Netflix streaming is a pretty good deal. $7.99 a month and you could theoretically watch fifty or sixty movies if you wanted to. Assuming you could find fifty or sixty movies that you wanted to see.

Since it costs that much to see one movie in the theater (plus popcorn and drink), $7.99 is quite a bargain.

Instantwatcher is a pretty good site for finding flicks. It also tells when they will expire. It was recommended that I watch this documentary. Every now and then I like to see something educational, and I guess this sort of qualifies.

This unsettling Oscar-nominated documentary from filmmaker Amy Berg investigates the life of 30-year pedophile Father Oliver O’Grady and exposes the corruption inside the Catholic Church that allowed him to abuse countless children.

Victims’ stories and a disturbing interview with O’Grady offer a view into the troubled mind of the spiritual leader who moved from parish to parish gaining trust … all the while betraying so many.

This movie is pretty disturbing. To think that this is going on on such a grand scale is really frightening. I am not Catholic, but I have had two Catholic husbands. I had heard of whippings and other corporal abuse, but never that any of their priests were pedofiles

Evidently this is a very widespread problem and mostly the bishops and the other church leaders cover up and deny that there is really any problem.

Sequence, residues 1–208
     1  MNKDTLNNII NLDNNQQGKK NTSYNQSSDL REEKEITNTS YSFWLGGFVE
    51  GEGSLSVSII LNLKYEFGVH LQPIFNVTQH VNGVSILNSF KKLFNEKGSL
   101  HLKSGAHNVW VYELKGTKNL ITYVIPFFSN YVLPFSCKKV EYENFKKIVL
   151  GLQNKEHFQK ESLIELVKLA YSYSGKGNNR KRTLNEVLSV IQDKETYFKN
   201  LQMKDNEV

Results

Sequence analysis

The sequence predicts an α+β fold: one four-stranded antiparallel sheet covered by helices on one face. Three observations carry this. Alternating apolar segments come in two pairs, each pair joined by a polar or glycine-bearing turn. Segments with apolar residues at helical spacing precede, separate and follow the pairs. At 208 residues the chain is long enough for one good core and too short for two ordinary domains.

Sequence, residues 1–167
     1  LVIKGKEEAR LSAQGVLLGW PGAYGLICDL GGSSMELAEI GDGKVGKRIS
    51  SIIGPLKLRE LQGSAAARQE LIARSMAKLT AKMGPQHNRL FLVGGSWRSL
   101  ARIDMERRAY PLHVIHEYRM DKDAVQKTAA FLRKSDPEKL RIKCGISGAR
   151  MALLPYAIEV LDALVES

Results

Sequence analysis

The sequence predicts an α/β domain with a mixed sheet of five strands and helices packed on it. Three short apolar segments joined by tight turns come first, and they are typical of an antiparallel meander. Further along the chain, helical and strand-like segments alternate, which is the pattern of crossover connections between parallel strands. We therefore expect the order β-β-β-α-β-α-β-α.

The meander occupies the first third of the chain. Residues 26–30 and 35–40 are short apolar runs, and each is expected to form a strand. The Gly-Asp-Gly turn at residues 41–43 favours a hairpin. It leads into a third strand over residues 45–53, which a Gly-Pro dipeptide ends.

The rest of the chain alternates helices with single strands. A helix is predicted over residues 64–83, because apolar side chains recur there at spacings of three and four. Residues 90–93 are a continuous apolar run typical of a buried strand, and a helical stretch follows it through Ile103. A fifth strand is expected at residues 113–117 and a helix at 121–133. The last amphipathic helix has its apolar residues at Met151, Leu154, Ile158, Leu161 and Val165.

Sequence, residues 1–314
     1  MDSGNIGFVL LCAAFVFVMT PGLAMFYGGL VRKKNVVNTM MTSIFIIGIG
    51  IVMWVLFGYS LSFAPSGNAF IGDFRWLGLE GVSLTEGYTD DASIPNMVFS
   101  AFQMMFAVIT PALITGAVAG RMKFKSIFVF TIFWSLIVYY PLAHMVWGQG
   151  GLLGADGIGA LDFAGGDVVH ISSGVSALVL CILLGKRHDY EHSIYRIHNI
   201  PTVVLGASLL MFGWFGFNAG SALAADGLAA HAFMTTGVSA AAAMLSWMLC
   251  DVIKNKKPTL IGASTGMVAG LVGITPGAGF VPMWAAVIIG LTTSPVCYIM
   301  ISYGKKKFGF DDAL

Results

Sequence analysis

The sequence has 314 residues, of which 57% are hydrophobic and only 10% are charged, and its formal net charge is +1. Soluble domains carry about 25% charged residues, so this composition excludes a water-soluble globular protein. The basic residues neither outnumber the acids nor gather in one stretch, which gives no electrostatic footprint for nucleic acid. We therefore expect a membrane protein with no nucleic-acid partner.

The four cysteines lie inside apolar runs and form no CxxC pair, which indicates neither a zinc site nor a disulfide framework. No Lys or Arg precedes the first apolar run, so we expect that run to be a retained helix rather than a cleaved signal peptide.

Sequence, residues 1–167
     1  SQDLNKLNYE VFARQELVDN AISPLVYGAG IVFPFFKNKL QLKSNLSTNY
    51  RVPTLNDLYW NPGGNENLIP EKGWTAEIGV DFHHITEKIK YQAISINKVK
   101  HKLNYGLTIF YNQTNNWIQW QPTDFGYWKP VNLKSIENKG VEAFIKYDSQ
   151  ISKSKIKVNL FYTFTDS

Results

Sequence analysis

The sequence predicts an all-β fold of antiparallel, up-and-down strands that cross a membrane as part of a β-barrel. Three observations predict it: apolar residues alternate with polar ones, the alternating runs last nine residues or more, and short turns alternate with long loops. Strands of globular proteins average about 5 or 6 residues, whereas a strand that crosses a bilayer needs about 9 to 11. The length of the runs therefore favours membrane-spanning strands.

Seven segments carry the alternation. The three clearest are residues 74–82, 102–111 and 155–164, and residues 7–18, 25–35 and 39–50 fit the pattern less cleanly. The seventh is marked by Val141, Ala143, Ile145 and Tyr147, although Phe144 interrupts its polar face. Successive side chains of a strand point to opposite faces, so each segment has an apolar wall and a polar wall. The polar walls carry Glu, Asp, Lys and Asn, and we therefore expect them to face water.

It seems that the idea of celibacy and priests not marrying has no basis in the gospels. All of Jesus’ deciples were married except John.

Until the fourth century priests could marry. At the time it was customary for a priest who died to leave his holdings to his eldest son. If he weren’t married he would leave his land and possessions to the Church.

So the heads of the Church decreed that priests could not marry, and Voila!.

This documentary is pretty heavy. What is amazing are the interviews with Father O’Grady, who doesn’t seem to be all that remorseful, although he does write apologies to his dozens of victims. These ‘children’ are now adults. What happened to them at his hands has affected their entire lives.

The parents of many of the children considered the priest to be a close family friend and thought nothing of having him spend the night in their homes or take their little girls on ‘picnics’. Their guilt is overwhelming for them to bear.

Since priests were like God to these people, nobody could fathom that such a thing could occur.

His ‘victims’ were mostly children, some as young as five. The Church didn’t take a very serious look at charges that were brought by little girls. That wasn’t considered all that bad. And most of the children were told that they just imagined that something happened.

Inappropriate behavior with boys was considered to be homosexual and this was another problem indeed.

This is quite a long documentary and while I’m not sorry I watched it, it is pretty grim stuff. I wonder if this widespread ‘problem’ will somehow force the Catholic church to rethink their doctrine on celibacy. I rather doubt it.